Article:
Changes in Helium concentrations in groundwater reveal how rock deforms

April 26, 2020

We can gain critical insights into the evolution of flow path connectivity during rock deformation by monitoring Helium concentration dissolved in groundwater. This is the main conclusion of our last paper which has just been published with SpringerNature in Scientific Reports: https://rdcu.be/b3Lmt

We deployed at the Grimsel Deep Underground laboratory, Switzerland, an on-site mass spectrometer (https://gasometrix.com/) that is able to measure a panel of dissolved gases in groundwater in near-real-time. The objective was to track anomalies in noble gases that could be involved during a reservoir stimulation experiment for Enhanced Geothermal Systems.

 

We see great perspectives in deploying this technology for applications related to groundwater abstraction, remediation, CO2 storage, geothermal energy but also to better understand the link between seismicity and fluid migration in the Earth's crust. More is coming soon!

Roques, C., Weber, U. W., Brixel, B., Krietsch, H., Dutler, N., Brennwald, M. S., Villiger, L., Doetsch, J., Jalali, M., Gischig, V., Amann, F., Valley, B., Klepikova, M., & Kipfer, R. (2020). In situ observation of helium and argon release during fluid-pressure-triggered rock deformation. Scientific Reports, 10(1), 6949. https://doi.org/10.1038/s41598-020-63458-x

Exploring displacement dynamics of a deep-seated landslide in the Alps (Cerentino, Switzerland)

March 29, 2020

The deep-seated landslide of Cerentino kept us busy for the last 4 years. Exceptional geomorphological feature in the beautiful landscape of Ticino, lots of cool data to analyze and a team composed of geomorphologists, structural geologists and hydrologists working together to elucidate its dynamics. In this paper, we have combined information from surface geomorphology, borehole core logging, displacement time series analysis and cosmogenic nuclide dating in order to understand the structure of the instability and discuss its dynamics and evolution over long and short timescales.

Many thanks to Andrea for the amazing work she did for which part of the results are compiled in this paper. More coming soon! And we are indebted to the Canton of Ticino for the fruitful collaboration in this project.  

You can download the paper here (free download offered by the journal until May 15, 2020): https://authors.elsevier.com/a/1aoBc38lp9O2N

New observations on viscous instabilities involving shear-thinning fluids

March 17, 2020

We have a new paper out in Experiments in Fluids: "Mixing and finger morphologies in miscible non-Newtonian solution displacement" with Nicole Mehr as leading author.

You can check it out by following this link: https://rdcu.be/b22qN.

Congrats Nicole!

YouTube Channel with all lectures from the 4th Cargèse Summer School 2018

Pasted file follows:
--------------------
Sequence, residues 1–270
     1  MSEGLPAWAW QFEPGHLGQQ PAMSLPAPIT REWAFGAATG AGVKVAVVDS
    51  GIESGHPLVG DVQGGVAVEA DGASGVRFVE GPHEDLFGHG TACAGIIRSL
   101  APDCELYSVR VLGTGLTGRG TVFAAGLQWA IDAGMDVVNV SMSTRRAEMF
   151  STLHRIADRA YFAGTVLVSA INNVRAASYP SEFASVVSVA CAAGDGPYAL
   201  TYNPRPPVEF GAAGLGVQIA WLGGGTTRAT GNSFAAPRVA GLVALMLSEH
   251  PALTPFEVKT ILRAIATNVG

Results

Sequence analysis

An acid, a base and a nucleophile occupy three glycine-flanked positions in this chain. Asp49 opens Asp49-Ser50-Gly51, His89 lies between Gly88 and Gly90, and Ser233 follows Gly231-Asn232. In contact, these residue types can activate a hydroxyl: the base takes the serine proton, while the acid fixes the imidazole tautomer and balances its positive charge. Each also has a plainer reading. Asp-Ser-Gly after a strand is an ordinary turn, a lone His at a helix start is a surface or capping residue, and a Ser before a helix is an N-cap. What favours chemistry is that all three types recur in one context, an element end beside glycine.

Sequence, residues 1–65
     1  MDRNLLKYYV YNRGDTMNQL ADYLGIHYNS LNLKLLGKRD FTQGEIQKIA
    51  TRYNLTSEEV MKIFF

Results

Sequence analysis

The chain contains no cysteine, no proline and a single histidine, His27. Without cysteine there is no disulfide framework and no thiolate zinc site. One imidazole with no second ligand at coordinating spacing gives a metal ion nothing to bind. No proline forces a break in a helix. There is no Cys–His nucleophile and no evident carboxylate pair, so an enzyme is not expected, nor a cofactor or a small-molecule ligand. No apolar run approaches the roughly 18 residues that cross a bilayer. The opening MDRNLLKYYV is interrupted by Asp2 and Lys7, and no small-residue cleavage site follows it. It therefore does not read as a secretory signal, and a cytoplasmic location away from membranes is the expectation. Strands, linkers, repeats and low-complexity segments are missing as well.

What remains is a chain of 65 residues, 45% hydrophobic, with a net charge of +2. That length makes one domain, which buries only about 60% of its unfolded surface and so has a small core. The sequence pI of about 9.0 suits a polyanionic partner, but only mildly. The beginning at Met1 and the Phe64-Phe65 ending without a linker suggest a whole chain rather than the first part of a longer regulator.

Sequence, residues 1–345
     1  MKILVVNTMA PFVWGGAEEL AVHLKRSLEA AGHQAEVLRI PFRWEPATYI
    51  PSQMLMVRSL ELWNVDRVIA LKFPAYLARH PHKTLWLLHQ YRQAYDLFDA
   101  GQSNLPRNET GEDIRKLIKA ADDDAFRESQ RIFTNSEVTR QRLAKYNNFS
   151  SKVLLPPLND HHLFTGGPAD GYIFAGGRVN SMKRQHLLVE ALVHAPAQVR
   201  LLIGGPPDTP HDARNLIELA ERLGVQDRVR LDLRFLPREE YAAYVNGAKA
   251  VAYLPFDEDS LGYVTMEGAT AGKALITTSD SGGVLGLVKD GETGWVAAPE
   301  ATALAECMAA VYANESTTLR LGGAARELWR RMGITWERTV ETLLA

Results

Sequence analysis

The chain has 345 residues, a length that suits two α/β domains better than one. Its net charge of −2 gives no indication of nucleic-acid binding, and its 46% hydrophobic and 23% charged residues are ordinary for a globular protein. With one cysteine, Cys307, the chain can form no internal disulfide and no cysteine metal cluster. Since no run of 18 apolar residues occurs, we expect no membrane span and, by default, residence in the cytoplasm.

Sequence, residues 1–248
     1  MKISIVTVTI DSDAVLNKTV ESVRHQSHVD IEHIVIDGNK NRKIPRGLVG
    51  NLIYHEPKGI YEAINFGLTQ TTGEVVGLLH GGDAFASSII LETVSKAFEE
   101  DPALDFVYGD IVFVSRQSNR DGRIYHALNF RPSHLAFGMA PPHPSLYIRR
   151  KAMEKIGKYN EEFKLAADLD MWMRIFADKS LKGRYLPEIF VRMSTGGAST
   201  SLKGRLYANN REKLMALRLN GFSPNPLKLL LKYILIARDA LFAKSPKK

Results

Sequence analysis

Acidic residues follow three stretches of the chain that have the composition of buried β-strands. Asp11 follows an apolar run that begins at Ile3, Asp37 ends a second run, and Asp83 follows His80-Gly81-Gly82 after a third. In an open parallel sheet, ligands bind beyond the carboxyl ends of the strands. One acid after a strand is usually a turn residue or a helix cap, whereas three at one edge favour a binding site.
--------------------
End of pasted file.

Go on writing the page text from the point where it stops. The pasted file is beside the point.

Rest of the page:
July 2019

We are happy to announce that videos of lectures, practical courses, pop-up and poster presentations that were given during the 4th Cargèse Summer School 2018 “Flow and Transport in Porous and Fractured Media” are now available online on our Youtube Channel!

Enjoy the videos and stay tuned for the next edition that will happen in 2021!

Which method for streamflow recession analysis?

October 2017

New article in Advances in Water Resources: "Improved streamflow recession parameter estimation with attention to calculation of - dQ/dt"


​During the last 2 years, we have been working on streamflow recession analysis, mainly in the Oregon Cascades. We found a lot of different methods in the literature which are used to infer recession parameters based on the time rate of change in streamflow Q as a function of Q. The choice of one method above others was complicated as we could not find any overall comparison and presentation of their respective uncertainty. This paper compiles the results of our comparison exercise along with the description of the methodology we developed which appears to provide the most robust estimates.

Do not hesitate to ask me for the matlab code if you want analyse your streamflow data with our method.​

Tracking active fractures in the valley-slopes of the Aletsch glacier

September 2017

The phase III of the Aletsch project has just started with lots of exciting field campaigns during this summer! The main goal of this project is to investigate rock damage processes caused by pore pressure and temperature variations, and to understand instability mechanisms at the scale of the valley-slope in actual deglaciating environment. 

With Marc Hugentobler (PhD student) and Valentin Gischig, we were doing some logging and hydraulic tests in recently drilled boreholes. What a unique place for field work!! More information regarding the advancements of this project will be coming soon!

Some references:

- Grämiger, Lorenz (2017), Beyond debuttressing: Thermo-hydro-mechanical rock slope damage during glacial cycles. Doctoral thesis.​

- Grämiger, L.M., Moore, J.R., Gischig, V.S., Ivy-Ochs, S., Loew, S., 2017. Beyond debuttressing: Mechanics of paraglacial rock slope damage during repeat glacial cycles. J. Geophys. Res. Earth Surf. 122, 1004–1036. doi:10.1002/2016JF003967
 

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Open PhD position: Exploring the geomorphological controls on groundwater and streamflow resilience in crystalline basements

© 2017 by Clément Roques